A musician friend has helped usher me into the world of Lee “Scratch” Perry and Black Ark studios. I have long known about Perry as a great reggae and dub producer, but he has been recording for so long, and his discography is so immense, that I think I stayed away because I didn’t know where to start. When I was first getting into classical music and jazz about a year ago I faced the same problem. How do you navigate your way into a new scene, when you know next to nothing? The sheer amount of something can be intimidating. How do you discern good from bad? With a limited budget, how do you make the right choices when buying something? It helps to be pointed in the right direction and then you find many other doors opening along the way. For classical music I bought a book. For jazz I asked my friends to suggest records.
The Perry produced record that was first suggested to me was The Congos album Heart of the Congos. This is not only one of the best reggae albums ever, but a great place to start understanding what makes Perry’s work so unique. It’s essentially a reggae record, with great songs and melodies, but the production features many of the unique sonic qualities that differentiate Perry from producers that came before him. From there you can decide if you want to explore more of his reggae productions, or if you want to get into the weirder world of dub. I think it’s a great entryway into his world as it is both unique and accessible.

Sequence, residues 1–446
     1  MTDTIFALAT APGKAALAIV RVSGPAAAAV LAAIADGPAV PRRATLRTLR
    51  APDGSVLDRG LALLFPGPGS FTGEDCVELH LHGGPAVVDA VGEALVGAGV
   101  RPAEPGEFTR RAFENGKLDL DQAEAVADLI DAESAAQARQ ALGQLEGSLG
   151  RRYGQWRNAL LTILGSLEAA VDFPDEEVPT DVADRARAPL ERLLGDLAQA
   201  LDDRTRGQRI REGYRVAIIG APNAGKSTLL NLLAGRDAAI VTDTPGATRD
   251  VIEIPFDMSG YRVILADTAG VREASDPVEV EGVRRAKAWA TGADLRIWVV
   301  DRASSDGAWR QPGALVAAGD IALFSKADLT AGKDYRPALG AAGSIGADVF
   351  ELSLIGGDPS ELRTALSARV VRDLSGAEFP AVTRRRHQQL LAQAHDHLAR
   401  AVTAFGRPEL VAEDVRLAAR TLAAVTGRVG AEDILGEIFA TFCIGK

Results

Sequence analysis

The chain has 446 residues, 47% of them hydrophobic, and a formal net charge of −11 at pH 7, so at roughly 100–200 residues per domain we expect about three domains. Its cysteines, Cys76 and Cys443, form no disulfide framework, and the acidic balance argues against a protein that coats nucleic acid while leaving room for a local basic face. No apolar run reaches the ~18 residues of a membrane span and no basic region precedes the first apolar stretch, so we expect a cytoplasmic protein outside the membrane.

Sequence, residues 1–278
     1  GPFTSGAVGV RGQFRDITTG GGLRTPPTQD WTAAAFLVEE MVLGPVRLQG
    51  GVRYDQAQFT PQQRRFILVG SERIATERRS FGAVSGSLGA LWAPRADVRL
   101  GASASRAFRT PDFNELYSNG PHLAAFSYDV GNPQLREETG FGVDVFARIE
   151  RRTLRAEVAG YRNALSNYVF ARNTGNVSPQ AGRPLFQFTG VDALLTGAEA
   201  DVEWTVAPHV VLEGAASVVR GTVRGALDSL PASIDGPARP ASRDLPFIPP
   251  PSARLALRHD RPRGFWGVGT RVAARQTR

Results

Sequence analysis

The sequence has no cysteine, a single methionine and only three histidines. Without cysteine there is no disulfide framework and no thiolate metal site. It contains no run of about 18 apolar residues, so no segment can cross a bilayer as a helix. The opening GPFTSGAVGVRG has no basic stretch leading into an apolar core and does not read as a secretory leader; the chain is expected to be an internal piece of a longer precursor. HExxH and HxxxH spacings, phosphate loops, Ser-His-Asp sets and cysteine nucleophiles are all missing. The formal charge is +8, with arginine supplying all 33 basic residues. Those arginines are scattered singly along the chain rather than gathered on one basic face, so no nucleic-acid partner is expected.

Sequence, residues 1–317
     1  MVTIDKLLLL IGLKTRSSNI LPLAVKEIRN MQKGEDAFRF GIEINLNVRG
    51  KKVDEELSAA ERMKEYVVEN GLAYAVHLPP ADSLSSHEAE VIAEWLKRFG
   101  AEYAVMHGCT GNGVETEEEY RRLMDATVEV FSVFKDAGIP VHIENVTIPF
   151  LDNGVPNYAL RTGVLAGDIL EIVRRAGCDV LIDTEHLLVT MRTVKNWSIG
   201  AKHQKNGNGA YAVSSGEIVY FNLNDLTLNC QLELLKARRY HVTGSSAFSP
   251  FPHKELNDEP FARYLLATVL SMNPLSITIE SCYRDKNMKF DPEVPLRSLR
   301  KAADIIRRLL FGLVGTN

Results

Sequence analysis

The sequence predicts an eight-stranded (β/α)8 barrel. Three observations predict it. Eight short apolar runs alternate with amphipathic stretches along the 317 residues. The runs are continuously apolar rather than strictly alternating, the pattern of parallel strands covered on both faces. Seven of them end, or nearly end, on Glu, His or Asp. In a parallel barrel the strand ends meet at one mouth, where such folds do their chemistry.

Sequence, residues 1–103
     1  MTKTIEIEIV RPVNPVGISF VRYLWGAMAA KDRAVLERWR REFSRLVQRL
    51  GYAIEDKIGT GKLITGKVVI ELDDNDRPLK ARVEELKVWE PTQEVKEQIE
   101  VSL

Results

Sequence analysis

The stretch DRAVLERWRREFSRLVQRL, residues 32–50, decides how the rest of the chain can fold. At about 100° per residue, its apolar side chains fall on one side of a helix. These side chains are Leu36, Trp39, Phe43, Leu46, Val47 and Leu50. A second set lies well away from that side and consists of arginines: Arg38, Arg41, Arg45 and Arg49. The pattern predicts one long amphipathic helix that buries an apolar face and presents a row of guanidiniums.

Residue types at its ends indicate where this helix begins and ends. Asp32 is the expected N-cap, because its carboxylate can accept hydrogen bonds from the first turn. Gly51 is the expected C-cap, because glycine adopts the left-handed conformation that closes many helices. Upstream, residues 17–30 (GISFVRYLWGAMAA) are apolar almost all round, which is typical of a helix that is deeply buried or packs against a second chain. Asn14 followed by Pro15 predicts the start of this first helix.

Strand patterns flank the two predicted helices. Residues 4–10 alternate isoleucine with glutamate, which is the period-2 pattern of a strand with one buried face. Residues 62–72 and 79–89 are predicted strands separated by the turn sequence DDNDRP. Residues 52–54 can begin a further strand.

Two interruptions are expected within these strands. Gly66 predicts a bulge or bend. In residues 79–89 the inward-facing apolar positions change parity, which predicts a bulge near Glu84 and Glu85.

The link above, while no means definitive, is a great overview of his lengthy career. It gives you a sense of his accomplishments and highlights some of his better works, if not all of them. Heart of the Congos is strangely given only a sentence.
The above video is Perry recording in Black Ark studios. It’s inspiring to see someone accomplishing something so imaginative in a situation that is very low tech by today’s standards.
If you are someone that loves records and recorded sound, his work is definitely a world that you want to explore. Not only is it innovative in and of itself, but it has influenced modern music in immense and unmeasurable ways.
I have been listening to reggae and dub the last few days. As much reggae, and its surrounding genres, as I own, there is an infinite amount more that I don’t. Sometimes when you first approach a kind of music it can be intimidating for the sheer amount of it that exists. Where do you start? I found this today. It provides a link to every reggae album rewarded five stars by allmusic.com. Hopefully this can thin the herd for you a little. No list is perfect, but this one can at least give you some ideas. Even if you know about some or even many of the records, it is fun to read the reviews, if you are into that sort of thing.
Jimmy Cliff is one of those artists that can lift the heart out of despair. Sometime ago I posted the other performance from Jimmy Cliff’s appearance on Jools Holland. Both performances are simply outstanding. This song is from his front to back killer Rebirth. This is a modern record that can stand with the all-time greats in this or any genre. If you don’t have it, get it.